In the Northern Territory we had the report Ampe Akelyernemane Meke Mekarle “Little Children are Sacred” (large PDF) that was misused by the then government to initiate ““The Intervention”“(Northern Territory Emergency Response). This seems to have led to a doubling of infrastructure, finding out what we already new but no sustainable programs in healthcare, or to increase resources to further deal with the health issues we already knew about and where the “very foundational principles on which Aboriginal existence are built — community, culture and collective rights — have been shaken, demonised and exposed to a level of scrutiny unparalleled in recent times.”

A review of the Northern Territory Emergency Response can be found here. Various articles in the Medical Journal of Australia about the response have stated:

paints a demeaning and misleading picture of NT communities as exhibiting “a complete breakdown of normal mores”. This fits snugly with the “white blindfold” view, described by Tait, that will only further disempower marginalised Aboriginal people and communities”

another states:

Existing systems are not providing for adequate follow-up of identified medical and social problems for children living in remote Aboriginal communities”

and another

Indigenous communities must have a role in data collection and anagement“.

It just goes on and on.

There is no one better than Fiona Stanley to conclude with. In a recent speech (video here)

The frustrating and anguishing thing is that we have known what we need to do for 20 years; the evidence has been around in Royal Commissions, HREOC reports, a myriad of government reports as well as our research papers. How to implement is the major issue. Other countries with Indigenous colonised populations have similar problems but are doing much better than Australia – what can we learn from them?

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Indigenous Child Mental Health

The first few lines in any article on indigenous health in Australia are the statistics. Indigenous Australians have an average life expectancy 17 years less than the average Australian. The incidence of chronic disease is higher, the death rate from cardiovascular disease is at least 2.7 times higher than the rest of the population etc etc. An aboriginal man in Australia will live on average for only 59 years.

Statistics, statistics. Put this in some context. Five men aged between 35 and 45 years from a population of just over 2000 people spread over several small communities died in a 10 day period ending on Boxing Day. Sorry camps have sprung up and funerals have started. Whilst funerals can be a social occasion, seeing family you may not have seen for a while, you have to wonder about the effect on people from what seems to be a continual cycle of grief.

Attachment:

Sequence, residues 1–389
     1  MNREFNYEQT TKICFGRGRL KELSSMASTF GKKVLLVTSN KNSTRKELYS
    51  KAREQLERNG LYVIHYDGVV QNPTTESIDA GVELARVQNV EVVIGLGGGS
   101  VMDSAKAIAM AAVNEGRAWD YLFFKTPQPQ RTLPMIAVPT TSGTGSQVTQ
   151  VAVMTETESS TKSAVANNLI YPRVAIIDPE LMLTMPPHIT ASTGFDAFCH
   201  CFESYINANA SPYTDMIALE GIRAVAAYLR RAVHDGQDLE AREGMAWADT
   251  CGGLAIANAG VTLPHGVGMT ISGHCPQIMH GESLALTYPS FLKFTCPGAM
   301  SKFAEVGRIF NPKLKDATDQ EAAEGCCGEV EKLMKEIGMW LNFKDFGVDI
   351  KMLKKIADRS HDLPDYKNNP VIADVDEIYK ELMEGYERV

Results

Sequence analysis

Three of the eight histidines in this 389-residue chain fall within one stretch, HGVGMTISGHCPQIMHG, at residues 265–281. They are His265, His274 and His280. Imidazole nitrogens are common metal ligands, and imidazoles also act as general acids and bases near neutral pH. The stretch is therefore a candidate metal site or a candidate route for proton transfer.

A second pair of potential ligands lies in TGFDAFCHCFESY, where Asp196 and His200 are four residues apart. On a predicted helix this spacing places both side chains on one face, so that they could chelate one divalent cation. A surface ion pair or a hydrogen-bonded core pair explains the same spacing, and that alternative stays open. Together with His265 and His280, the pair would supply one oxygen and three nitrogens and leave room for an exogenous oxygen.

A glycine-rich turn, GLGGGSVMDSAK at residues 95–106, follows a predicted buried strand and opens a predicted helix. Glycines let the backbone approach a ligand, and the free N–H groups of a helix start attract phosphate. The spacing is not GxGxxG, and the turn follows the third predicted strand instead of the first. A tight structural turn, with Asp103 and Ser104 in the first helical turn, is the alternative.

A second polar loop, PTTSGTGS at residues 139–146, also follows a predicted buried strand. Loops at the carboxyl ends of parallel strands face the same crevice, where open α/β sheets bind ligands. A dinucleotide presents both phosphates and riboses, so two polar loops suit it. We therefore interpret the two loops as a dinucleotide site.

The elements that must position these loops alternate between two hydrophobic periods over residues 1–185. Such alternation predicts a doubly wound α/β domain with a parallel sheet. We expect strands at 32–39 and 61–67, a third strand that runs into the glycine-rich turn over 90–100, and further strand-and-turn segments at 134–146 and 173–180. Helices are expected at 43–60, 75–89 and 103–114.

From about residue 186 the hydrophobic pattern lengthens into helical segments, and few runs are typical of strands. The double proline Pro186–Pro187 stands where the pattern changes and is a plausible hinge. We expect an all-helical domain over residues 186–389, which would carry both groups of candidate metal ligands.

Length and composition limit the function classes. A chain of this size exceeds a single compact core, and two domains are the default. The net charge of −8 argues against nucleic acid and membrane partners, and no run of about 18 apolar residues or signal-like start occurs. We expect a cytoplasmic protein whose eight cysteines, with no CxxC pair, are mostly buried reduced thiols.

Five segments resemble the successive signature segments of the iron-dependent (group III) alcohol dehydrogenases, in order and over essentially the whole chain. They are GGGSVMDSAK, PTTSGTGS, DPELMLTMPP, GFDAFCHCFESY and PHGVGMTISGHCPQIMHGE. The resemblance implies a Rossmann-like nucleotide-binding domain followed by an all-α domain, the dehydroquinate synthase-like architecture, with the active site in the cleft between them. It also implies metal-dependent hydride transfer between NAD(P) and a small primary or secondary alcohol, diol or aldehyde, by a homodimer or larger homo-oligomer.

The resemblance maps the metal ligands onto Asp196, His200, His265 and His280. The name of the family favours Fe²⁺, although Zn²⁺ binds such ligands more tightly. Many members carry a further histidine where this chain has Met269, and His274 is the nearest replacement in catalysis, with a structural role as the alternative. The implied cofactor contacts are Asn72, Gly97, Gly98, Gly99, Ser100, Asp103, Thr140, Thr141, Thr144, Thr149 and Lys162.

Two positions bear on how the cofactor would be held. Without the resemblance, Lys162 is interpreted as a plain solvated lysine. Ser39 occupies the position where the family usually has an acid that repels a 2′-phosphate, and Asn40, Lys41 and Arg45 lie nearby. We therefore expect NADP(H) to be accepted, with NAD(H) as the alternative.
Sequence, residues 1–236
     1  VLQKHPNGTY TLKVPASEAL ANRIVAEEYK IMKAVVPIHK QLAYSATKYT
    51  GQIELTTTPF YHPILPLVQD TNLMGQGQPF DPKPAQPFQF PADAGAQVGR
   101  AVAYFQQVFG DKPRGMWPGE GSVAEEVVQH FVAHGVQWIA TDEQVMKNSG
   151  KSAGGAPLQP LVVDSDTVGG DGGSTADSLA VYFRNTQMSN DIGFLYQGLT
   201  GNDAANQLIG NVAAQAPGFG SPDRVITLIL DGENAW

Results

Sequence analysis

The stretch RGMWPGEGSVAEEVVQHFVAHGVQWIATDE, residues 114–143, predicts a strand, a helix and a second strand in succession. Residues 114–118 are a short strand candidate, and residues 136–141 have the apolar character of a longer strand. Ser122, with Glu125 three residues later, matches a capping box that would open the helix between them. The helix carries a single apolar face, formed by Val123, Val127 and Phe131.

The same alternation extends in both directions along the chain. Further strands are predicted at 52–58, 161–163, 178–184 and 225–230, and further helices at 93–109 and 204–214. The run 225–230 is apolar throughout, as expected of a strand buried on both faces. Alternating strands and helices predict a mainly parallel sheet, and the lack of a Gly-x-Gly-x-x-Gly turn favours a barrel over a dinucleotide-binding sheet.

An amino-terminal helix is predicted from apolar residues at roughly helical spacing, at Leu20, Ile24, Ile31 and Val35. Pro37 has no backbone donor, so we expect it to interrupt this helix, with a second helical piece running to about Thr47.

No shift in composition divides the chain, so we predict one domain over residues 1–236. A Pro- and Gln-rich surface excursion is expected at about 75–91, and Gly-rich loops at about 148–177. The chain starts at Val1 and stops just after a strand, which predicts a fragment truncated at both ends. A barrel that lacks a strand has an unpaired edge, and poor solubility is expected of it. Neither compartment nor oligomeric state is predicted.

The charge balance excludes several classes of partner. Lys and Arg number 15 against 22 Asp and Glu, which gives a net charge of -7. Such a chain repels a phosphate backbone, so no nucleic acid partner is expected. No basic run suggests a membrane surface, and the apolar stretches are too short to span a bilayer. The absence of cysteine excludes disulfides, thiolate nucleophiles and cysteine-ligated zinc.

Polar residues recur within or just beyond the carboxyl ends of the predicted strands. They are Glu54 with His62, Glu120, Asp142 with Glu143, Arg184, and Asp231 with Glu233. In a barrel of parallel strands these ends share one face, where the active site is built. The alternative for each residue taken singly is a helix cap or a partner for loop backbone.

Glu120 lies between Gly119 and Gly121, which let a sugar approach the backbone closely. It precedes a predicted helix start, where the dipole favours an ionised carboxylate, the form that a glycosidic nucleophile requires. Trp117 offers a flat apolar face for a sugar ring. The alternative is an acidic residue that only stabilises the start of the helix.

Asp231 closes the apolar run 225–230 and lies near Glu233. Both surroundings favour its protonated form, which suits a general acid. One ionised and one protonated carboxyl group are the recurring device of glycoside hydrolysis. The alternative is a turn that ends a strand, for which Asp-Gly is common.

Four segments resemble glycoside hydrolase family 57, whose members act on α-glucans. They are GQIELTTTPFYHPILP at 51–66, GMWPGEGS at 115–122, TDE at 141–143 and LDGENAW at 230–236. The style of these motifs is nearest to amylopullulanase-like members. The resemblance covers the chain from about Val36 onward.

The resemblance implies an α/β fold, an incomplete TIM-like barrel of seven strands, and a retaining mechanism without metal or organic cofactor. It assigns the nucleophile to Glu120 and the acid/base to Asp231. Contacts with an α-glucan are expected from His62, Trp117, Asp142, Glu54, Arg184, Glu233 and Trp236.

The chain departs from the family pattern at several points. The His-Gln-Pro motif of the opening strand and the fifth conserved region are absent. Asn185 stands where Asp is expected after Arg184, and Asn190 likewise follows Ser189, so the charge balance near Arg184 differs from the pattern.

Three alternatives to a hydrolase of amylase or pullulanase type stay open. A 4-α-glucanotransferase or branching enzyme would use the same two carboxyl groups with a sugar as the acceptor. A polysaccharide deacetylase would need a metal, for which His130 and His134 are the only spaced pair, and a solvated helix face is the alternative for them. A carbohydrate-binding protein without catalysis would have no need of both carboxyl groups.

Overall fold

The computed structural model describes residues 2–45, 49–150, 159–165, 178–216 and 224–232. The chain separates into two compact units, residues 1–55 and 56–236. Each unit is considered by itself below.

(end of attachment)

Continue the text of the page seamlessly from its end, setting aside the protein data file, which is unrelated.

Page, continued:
How do you assess Mental Health in an indigenous population with a different view if health and of the world? The Kimberley have developed some tools, but how can you be sure they are validated correctly and will they be suitable for use in other indigenous populations?

Some years ago the Western Australian Aboriginal Child Health Survey commenced looking at over five thousand indigenous children in Western Australia. The report consisted of several volumes focusing on different areas. Volume 2 looked at the social and emotional wellbeing of young aboriginal West Australians. There were many statistics in the report and the downloadable summary is worth a read. One group of statistics I hink is quite depressing.

The factor most strongly associated with high risk of clinically significant emotional or behavioural difficulties in children was the number of major life stress events (e.g. illness, family break-up, arrests or financial difficulties) experienced by the family in the 12 months prior to the survey.

So how many major life stresses do indigenous kids have each year?

Just over one in five children (22%) were living in families where 7 or more major life stress events had occurred over the preceding 12 months. These children were five and a half times more likely to be at high risk of clinically significant emotional or behavioural difficulties than children in families where 2 or less life stress events had occurred.

If you were aged from 4 to 11 years and had 7 or more major life stressors you had a 42% chance of developing clinically significant emotional of behavioural difficulties. If you were between 12 and 17 years old you had only a 34% chance of developing clinically significant emotional or behavioural difficulties if you were in a family that had experienced 7 or more life stress events in one year.

These culminate in risk taking behaviour in adolescence and adulthood.

In the report there is a small positive. It seems that in the more remote areas where a more traditional way of life and greater family supports occur that the traumatic events do not take such a toll.

Children living in areas of extreme isolation were one-fifth as likely to be at high risk of clinically significant emotional or behavioural difficulties compared with children in the Perth metropolitan area.

In remote desert regions many of these communities are quite small, from a few hundred down to about 30 or so people. In the Northern Territory communities this small are called outstations or homelands and the Northern Territory Government (and the previous federal government before them) is looking at closing them down.

I have commented previously about the health benefits shown from living in the small outstations of Utopia where the population had a better quality of life, better health and greater life expectancy than normal for an aboriginal population.

I concluded the article titled “Community Size and Indigenous Life Expectancy” with:

Are we are so intent on “economies of scale” that we are going to close these smaller communities down? These same communities that may provide the biggest bang for the buck in keeping people healthy.

Being remote and small may be the way to keep both your physical and mental health.